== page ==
Most of the time people are well enough to know that they need treatment for poor mental health. Sometimes the result of an illness is that an individual does not think he or she needs care and treatment. Mental health law says that if a person is at risk because of his or her mental illness, and if treatment could help, professionals have a legal duty to provide that care and treatment.
The Mental Health (Care & Treatment) (Scotland) Act 2003 sets out:
when a person can be taken to hospital against his/her will
when a person can be given treatment against his/her will
what rights a person has when they are receiving care and treatment
what safeguards are in place to protect that person's rights
The law is based on a set of principles. These principles should be taken into account by anyone involved in a person's care and treatment.
Black & Markie are very experienced in helping persons with mental health difficulties. We will do everything possible to assist including visiting patients in hospital or care home, advising them of their rights, working with named persons and advocacy workers, arranging independent medical examinations, attending tribunals, having meetings with consultants, mental health officers, social workers, arranging appeals against compulsory treatment or hospital detention.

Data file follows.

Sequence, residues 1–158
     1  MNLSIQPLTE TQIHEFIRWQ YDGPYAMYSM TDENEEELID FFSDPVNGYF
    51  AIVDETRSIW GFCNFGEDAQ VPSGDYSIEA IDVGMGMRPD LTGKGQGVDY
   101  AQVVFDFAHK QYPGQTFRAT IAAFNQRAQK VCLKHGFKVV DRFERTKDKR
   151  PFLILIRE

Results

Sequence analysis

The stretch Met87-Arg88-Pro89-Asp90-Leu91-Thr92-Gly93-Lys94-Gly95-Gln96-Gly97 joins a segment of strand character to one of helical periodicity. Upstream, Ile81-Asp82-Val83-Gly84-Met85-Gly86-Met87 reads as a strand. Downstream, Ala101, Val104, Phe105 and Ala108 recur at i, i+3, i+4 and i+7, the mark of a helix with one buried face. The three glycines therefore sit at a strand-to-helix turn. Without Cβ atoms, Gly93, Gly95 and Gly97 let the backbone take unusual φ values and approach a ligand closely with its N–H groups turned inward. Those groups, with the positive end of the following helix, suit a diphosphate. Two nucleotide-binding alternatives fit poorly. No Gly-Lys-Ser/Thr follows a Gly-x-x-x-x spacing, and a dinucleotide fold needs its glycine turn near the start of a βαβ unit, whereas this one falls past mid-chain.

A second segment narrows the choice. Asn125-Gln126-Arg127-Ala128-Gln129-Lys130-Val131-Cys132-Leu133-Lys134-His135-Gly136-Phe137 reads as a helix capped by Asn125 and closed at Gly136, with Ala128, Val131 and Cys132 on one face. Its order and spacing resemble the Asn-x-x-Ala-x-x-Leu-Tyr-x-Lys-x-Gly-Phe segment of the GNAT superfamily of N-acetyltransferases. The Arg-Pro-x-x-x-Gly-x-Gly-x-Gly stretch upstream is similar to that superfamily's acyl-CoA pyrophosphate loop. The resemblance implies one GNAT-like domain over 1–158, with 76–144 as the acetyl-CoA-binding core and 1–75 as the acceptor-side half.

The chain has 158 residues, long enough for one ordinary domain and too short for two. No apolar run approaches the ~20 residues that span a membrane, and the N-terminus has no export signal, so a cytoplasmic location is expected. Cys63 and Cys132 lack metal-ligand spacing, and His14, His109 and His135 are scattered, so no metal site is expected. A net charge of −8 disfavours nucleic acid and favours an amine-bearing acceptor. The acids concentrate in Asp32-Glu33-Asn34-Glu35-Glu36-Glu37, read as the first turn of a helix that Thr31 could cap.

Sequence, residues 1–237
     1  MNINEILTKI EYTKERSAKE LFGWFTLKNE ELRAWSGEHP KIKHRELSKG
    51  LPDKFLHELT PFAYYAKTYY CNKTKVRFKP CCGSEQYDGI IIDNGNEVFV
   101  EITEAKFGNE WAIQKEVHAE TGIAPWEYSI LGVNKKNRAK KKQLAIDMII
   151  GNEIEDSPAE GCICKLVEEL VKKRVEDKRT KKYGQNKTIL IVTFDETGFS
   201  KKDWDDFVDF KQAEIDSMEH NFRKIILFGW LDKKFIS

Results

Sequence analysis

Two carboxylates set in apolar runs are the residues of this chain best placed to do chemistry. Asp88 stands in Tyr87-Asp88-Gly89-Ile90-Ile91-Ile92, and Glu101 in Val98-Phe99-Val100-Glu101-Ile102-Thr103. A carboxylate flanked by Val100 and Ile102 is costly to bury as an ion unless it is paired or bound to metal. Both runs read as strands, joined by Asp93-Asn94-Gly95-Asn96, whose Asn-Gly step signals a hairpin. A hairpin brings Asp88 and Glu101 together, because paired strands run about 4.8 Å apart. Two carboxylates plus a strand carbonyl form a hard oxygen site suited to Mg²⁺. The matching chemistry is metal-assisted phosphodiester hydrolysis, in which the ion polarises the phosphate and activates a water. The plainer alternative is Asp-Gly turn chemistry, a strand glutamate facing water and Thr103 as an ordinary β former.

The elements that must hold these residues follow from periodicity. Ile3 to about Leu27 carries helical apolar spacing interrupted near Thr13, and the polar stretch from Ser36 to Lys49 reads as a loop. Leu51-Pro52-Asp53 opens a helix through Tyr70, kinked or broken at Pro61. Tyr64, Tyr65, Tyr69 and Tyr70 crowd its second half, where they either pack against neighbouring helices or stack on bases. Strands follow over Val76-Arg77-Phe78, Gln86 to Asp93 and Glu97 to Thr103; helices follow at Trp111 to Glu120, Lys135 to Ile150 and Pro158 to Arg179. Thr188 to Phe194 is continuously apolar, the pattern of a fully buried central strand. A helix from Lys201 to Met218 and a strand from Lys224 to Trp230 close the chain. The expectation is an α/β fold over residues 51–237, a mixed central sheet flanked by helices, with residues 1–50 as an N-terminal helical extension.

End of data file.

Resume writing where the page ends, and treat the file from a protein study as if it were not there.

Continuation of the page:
We fully recognise that persons with Mental Health Difficulties require independent legal advice and support and we will act quickly and professionally in providing you with that service. Call Black & Markie and we will immediately arrange to see you.
Legal representation for Mental Health Tribunals is funded by the Scottish Legal AId Board. It is 100% free of charge and is not subject to means testing.
In most cases, we are able to meet with our clients within 24 hours of being contacted about mental health matters, no matter where they are in Scotland.
Our solicitors have prepared hundreds of Mental Health Tribunals across Scotland. Get the right advice, from our experts.